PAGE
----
Selkirk has lost one of its most successful businessmen and sportsmen through the death of Leslie Walker. He was 79.
Born and bred in Selkirk, Mr Walker left the town during the mid-1960s to work for Linton Tweeds in Carlisle, helping to transform the company’s fortunes and rising to become its managing director.
He was no less successful on the rugby field. A tenacious openside flanker, as well as having a trial for Scotland, he played for the South against the touring Springboks at Hawick in 1960, and captained Selkirk’s 1st XV in season 1960/61. He skippered the Souters to victory in their own sevens in 1960 – the first time they had won the cup since 1923.
Born in 1934, after leaving Selkirk High School Mr Walker won a place at Jordanhill College to train as a PE teacher, but at the last moment changed his mind and began work at Heather Mills (which had been started by his grandfather in the late 1890s).
He combined his duties at the mill with studying for a diploma in textile design at Galashiels Technical College, and at the age of 21 was called up for National Service. He received a commission in the Royal Air Force, and on being demobbed returned to Heather Mills.
As the mill had no real opening for a designer at that time, Mr Walker went on an extensive work study course, eventually returning to Heather Mills to conduct time and motion studies into improving the operation of its weaving, spinning and paper felts mills.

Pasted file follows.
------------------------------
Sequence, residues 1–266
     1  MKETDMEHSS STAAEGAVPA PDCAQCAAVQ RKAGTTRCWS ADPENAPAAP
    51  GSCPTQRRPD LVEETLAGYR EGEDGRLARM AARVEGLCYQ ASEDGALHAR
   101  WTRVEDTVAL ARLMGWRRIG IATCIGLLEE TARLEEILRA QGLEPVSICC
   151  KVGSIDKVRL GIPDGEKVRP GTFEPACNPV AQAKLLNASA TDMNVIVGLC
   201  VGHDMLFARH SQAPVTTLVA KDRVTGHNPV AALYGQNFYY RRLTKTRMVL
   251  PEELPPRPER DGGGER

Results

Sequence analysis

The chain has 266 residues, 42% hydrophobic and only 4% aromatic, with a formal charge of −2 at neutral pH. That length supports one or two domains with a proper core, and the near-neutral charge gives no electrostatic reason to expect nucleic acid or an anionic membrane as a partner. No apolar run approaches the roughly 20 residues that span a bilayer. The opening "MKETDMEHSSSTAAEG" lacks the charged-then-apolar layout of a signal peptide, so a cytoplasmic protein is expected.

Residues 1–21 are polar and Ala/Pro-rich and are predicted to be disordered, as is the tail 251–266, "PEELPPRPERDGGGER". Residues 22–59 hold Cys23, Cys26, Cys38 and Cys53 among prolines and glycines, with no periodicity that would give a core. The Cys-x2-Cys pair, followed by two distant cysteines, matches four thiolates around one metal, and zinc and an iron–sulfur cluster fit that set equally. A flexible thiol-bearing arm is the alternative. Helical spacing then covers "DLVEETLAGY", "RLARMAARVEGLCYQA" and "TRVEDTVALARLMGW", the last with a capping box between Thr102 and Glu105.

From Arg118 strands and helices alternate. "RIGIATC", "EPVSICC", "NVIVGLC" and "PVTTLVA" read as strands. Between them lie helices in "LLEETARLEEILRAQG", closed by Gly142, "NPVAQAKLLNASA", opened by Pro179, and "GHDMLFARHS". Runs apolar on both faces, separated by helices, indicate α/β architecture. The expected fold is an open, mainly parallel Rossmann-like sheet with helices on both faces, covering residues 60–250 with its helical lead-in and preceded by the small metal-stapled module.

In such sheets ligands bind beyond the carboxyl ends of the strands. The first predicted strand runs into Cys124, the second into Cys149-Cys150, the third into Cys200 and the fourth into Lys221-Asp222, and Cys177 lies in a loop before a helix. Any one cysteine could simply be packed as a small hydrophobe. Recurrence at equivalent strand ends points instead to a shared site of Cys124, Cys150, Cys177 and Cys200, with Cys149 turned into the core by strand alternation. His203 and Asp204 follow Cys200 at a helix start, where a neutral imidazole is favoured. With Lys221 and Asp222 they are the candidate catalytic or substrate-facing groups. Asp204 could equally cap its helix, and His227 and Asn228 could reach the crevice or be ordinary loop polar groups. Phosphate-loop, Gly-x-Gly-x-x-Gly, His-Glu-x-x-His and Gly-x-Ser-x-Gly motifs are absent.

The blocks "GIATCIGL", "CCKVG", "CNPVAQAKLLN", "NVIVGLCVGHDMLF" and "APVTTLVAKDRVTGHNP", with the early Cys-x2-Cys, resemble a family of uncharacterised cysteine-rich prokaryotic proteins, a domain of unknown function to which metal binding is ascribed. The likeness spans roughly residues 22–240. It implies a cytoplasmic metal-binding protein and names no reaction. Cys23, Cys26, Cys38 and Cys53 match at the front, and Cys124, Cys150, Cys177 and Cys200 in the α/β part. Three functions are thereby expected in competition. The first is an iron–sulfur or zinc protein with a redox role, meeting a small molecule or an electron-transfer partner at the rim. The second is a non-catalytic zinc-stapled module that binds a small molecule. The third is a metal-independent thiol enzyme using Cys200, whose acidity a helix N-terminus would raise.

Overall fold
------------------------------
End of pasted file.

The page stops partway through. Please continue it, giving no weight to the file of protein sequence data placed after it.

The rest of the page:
In 1963 he was contacted by George Linton, of Carlisle-based company Linton Tweeds, asking if he would join the firm, which at that time was losing money.
Mr Walker took over as manager, introducing a range of cost-saving measures and innovations that helped bolster the company’s international standing.
Long-standing links with French designer Coco Chanel were strengthened, and under Mr Walker’s guidance Linton Tweeds was able to supply other prestigious international fashion houses.
He was appointed the company’s managing director in 1969, taking a less active role in 1994, being succeeded by his son, Keith, who remains as managing director today.
Mr Walker married Carole, also from Selkirk and who was a gym teacher, in 1960. The couple went on to have three children – Keith, Bruce and Sally.
Leslie Walker’s second son, Bruce – managing director of Westwood Landscaping in Carlisle, a company taken over by Linton Tweeds in 2003 – said his father was someone who always put people first.
He said: “He was a fantastic role model and acted with complete integrity at all times. Following him into the business, my brother and I learnt so much from him, as did the whole Linton Tweeds team.”
Life-long friend Dougie Scott, who was best man at Mr Walker’s wedding, said Leslie Walker was “a Souter through and through” who always harboured a deep affection for his home town.
He recalled the day in 1953, when he and Leslie were both teenagers, that they’d gone to the Selkirk Picture House.
Not long into the programme the pair were approached by Selkirk RFC official Tom Henderson, who told them to “get away home” as they’d been drafted into Selkirk’s senior team as late replacements for Earlston Sevens the following day. Selkirk managed to make it to the final, going down to a strong Hawick side.
Selkirk Rugby Club life member Bert Duffy remembers Les Walker as a truly inspirational figure, saying: “He was extremely popular and very well respected by everyone at Philiphaugh. He helped me a great deal when I came into the 1st XV, always offering plenty of encouragement and always leading by example.”
Mr Walker is survived by his wife Carole, sons Keith and Bruce, daughter Sally, and by six grandchildren.